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As a young man Saint was a keen altheltic sportsman and was involved in what Americans would call "Track and Field" sports. He was also an Amateur Boxer and was trained to be such by Alf Robinson. Alf Robinson was a professional Boxer and worked at his families gym in Failsworth, Manchester and it was there that Saint went to learn the trade. While being taught to box he would spar with Alf's son, Billy, but rather than just box they would wrestle, which Saint always came out the worst in because Billy was a rising star in the professional wrestling scene.
Despite having only debuted a year or so before Billy Robinson would take Saint under his wing and train him to be a professional wrestler. Eventually Catch Wrestling over took Boxing as Saint's preferred sport. In a way this was dictated by the gym. Despite it being owned and run by boxers ther were far more wrestlers in the gym and so there were more people to wrestle with than there were to box with. Nevertheless, Saint took to wrestling and wrestling took to him.
For two years his training continued in the Robinson gym and didn't change until one day he was told that he was going to be training at a different venue. This was to be his first real taste of professional wrestling but Billy Robinson was far from forthcoming with all the important details. He had a series of exhibition matches against other wrestlers with a limited audience watching nearby, little realizing that they were promoters. After the night was finished some of them approached him and asked if he wanted to turn professional and they could get some work for him. When he had turned up for the event he had few aspirations to be a professional wrestler but there were some of the most well known promoters of the day (Jimmy Lewis, Grant Fotheringham, Danny Flynn and Fred Whooley) telling him that he could make it professionally and so he agreed and ended up having his first match against Colin MacDonald on May 18, 1958.
Even then Billy Robinson never let Saint into the fact that wrestling was predetermined in nature, he found out from other people, the world of wrestling that Robinson shows him was completely legitimate and 100% straight all the time.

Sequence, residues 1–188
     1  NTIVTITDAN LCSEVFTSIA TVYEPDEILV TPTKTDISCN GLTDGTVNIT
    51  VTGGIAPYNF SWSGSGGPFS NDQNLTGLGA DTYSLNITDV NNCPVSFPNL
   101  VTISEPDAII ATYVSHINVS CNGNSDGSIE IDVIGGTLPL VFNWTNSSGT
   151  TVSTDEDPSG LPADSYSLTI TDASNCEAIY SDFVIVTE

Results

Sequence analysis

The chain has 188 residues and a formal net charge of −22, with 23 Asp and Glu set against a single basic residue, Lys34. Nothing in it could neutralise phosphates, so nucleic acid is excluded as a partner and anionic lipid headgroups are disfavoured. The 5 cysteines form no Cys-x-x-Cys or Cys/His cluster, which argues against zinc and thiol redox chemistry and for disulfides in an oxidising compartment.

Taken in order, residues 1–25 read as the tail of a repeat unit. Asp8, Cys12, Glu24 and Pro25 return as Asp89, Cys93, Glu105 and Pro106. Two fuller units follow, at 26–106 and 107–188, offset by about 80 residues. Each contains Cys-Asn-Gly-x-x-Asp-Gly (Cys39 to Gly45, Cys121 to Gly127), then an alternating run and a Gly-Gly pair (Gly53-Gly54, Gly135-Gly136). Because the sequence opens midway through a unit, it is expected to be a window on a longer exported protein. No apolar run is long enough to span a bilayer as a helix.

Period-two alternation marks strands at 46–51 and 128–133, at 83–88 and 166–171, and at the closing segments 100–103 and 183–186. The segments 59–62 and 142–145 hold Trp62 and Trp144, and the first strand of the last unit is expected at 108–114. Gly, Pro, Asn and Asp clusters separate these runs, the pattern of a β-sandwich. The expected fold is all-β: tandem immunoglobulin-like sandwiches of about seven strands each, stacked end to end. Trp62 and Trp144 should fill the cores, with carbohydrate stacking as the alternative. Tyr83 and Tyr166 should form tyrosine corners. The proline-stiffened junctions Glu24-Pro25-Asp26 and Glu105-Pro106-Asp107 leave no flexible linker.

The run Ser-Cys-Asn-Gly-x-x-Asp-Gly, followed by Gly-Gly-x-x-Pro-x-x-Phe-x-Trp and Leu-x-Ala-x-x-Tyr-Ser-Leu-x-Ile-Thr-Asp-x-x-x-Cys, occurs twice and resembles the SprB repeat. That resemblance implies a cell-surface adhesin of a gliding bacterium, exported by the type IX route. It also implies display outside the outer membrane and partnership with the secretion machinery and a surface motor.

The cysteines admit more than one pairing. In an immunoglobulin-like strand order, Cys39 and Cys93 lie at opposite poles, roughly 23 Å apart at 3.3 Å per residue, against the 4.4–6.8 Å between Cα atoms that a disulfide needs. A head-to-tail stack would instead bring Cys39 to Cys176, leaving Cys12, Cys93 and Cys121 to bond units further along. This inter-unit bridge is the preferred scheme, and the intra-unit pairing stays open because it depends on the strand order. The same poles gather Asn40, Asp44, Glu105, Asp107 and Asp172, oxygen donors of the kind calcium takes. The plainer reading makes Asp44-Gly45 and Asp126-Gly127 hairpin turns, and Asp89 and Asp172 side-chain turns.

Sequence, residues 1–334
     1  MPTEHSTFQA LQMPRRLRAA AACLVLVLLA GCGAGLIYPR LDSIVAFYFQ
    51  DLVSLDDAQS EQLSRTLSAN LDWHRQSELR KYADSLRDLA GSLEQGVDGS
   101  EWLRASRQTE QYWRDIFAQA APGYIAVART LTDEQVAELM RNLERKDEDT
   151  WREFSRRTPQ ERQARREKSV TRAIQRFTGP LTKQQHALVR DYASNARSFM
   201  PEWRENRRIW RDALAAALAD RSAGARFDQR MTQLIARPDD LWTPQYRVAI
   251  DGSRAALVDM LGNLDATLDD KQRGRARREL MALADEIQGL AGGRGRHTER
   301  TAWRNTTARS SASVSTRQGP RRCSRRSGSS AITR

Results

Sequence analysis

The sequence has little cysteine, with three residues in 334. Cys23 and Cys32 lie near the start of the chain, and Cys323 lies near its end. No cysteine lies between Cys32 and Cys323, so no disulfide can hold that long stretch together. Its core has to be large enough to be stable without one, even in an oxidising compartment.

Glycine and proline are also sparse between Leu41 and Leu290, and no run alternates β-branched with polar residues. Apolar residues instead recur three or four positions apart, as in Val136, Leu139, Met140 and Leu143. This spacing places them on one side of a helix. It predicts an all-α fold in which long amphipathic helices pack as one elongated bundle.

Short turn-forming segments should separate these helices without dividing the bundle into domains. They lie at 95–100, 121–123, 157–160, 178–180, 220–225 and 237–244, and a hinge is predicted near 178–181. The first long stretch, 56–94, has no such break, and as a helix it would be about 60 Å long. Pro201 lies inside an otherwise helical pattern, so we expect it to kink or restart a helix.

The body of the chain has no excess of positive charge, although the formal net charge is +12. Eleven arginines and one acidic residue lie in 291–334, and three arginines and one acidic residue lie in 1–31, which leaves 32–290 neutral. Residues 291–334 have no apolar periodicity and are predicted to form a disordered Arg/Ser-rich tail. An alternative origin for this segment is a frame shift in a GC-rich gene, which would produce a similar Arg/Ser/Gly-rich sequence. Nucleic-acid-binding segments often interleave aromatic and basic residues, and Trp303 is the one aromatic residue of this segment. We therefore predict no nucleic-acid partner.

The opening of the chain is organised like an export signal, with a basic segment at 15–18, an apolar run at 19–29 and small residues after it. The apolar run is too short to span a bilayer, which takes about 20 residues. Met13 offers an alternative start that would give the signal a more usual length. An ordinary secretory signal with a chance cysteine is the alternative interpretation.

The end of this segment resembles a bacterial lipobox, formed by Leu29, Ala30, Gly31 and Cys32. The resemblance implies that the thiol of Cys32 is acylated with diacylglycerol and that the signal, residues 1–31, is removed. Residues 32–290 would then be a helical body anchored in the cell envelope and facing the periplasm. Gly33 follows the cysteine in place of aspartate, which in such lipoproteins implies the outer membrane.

Working the clubs and arena's in the north was lucrative business for Saint but wrestling was more lucrative in the south where the likes of Mike Marino, Jackie Pallo and Mick McManus ruled the roost in Dale Martin Promotion. Still life was good for Saint and he earned a considerable amount for a job he enjoyed but when he joined Joint Promotions in 60's his career reached new heights
Before joining Joint Promotions he exerienced the inconsitant life of an independent wrestler. Travelling to and fro across the country to perform in different regions for different promoters who were sometimes unreliable in their uses of him and often didn't have the openings for him. Sometimes he could be offered a job from two different promoter for the same night and would have to chose between them and risk alienating one promoter and be more or less blacklisted from that promotion for doing so. Life was difficult before Joint Promotions.
Joint Promotions offered Saint permanent employment, confirmed jobs and, more importantly, television coverage. After making his Joint Promotions debut Saint was considered an over night success with the companies fans and victories over Jim Breaks and Vic Faulkner firmly established him as a force in the companies lightweight division.
During the 60's and 70's the promoters began to introduce more flamboyant wrestlers into the programme and relegate the more serious wrestlers to supporting roles but Saint refused to change his style, believing his unique mat-trickery still had a place in wrestling and his continued success proved him right. Although the promoters were beginning to focus on more flamboyant wrestlers this didn't mean there weren't good wrestlers in the company.